Pagasa: ‘Extreme danger’ heat levels still to come

Pagasa: ‘Extreme danger’ heat levels still to come

Pagasa: ‘Extreme danger’ heat levels still to come

HEAT BUSTERS Portable electric fans sell from P150 to P250 in Alabang, Muntinlupa, as people look for different ways to cool off. The weather bureau, however, warns of hotter days ahead. —MARIANNE BERMUDEZ

Heat indices in the country will soon hit levels of “extreme danger” in the coming days and next month, as temperatures continue to rise at the height of the summer season, on top of the lingering effects of the El Niño phenomenon, a Philippine Atmospheric, Geophysical and Astronomical Services Administration (Pagasa) official warned on Thursday.

Ana Liza Solis, officer in charge of Pagasa’s Climatology and Agrometeorology Division, said in a television interview that the heat index in some parts of the country was projected to reach 52 degrees Celsius when summer peaked next month.


READ: Roxas City, Capiz logs highest heat index on Thursday at 45°C


“Based on Pagasa’s ongoing monitoring of the discomfort index or heat index, there is a possibility that some areas in the country will experience levels of extreme danger, which is 52 degrees or higher,” she said.

“With this heat level, heatstroke is imminent or probable [for] people who are directly exposed to sunlight, which is why we need to take precautions,” she added.

Maximum temperatures

According to Solis, up to 17 provinces have posted high heat indices in the past two days, while some areas have already hit the maximum daytime temperatures projected by Pagasa for this year.

“[We] predicted before the onset of the dry season that this could be one of the warmest dry season months. This is what we are actually experiencing now, which is also caused by El Niño,” she said.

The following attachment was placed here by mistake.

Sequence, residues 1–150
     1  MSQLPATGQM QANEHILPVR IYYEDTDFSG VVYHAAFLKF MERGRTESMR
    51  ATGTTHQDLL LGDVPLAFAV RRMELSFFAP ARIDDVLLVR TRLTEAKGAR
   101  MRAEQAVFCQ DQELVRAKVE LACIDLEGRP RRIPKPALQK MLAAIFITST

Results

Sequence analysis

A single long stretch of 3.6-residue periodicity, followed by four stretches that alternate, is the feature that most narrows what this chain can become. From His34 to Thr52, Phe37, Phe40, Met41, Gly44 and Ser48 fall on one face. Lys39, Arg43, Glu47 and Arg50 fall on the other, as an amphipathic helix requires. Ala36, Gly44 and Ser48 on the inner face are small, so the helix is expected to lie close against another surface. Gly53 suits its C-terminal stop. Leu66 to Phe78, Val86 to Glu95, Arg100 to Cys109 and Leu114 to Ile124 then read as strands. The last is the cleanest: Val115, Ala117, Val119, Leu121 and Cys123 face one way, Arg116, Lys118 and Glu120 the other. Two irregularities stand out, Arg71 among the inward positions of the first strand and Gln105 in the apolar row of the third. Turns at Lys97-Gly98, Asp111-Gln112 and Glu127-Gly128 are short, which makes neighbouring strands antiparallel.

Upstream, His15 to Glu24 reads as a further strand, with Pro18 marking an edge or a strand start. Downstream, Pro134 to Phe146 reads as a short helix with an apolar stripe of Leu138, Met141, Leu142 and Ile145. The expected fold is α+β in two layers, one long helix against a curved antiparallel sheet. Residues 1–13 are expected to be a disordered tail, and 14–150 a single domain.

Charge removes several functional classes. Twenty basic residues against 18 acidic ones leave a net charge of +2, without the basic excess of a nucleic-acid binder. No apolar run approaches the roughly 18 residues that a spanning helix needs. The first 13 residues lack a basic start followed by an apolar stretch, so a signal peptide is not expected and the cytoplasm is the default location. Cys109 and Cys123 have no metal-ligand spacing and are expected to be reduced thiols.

READ: Heat index at ‘danger’ levels seen to hit 18 areas on April 18

She pointed to some areas in Isabela province, including Echague town, with registered temperatures of up to 40 C. Metro Manila has also reported record-high daytime temperatures of 36.9 C.


“It can be observed that the areas that have posted high temperatures are coastal areas, while cities like Metro Manila are also registering high heat levels due to [the] ‘urban heat island effect,’” Solis said.

Many parts of the country, however, would experience hotter days next month, she warned.

“By May, we can expect higher temperatures in Cagayan Valley—especially Cagayan and Isabela provinces—Ilocos Region, Central Luzon and the neighboring provinces of Metro Manila—the coastal areas of Batangas and Cavite,” she said.

As of Thursday morning, seven of the nine major dams being monitored by Pagasa continue to lose water due to the combined effects of rising heat and the lack of rain caused by El Niño. All nine dams are below their normal high water levels (NHWL).

Dam levels still dipping

The water level of Angat Dam, a critical reservoir that supplies much of Metro Manila’s water needs, has dropped by 0.37 meters, putting the reservoir at 192.92 m, well below its NHWL of 212 m.

Ipo Dam, fed by the Angat reservoir, has also declined its water level by 0.05 m, reaching 99.73 m, below its NHWL of 101 m.

La Mesa Dam, another important water source for Metro Manila, has lost 0.01 m, with its reservoir level now at 75.67 m compared to its NHWL of 80.15 m.

Other dams have also been impacted, with Ambuklao Dam losing 0.02 m and the San Roque Dam shedding 0.26 m. Pantabangan Dam lost 0.07 m, while Caliraya Dam saw a 0.26-m decline.

Your subscription could not be saved. Please try again.
Your subscription has been successful.

Subscribe to our daily newsletter

By providing an email address. I agree to the Terms of Use and acknowledge that I have read the Privacy Policy.

On the other hand, Binga Dam gained 0.06 m and Magat Dam increased by 0.04 m, though both remain below their respective NHWLs.

TAGS: extreme danger, heat levels

© Copyright 1997-2024 | All Rights Reserved

We use cookies to ensure you get the best experience on our website. By continuing, you are agreeing to our use of cookies. To find out more, please click this link.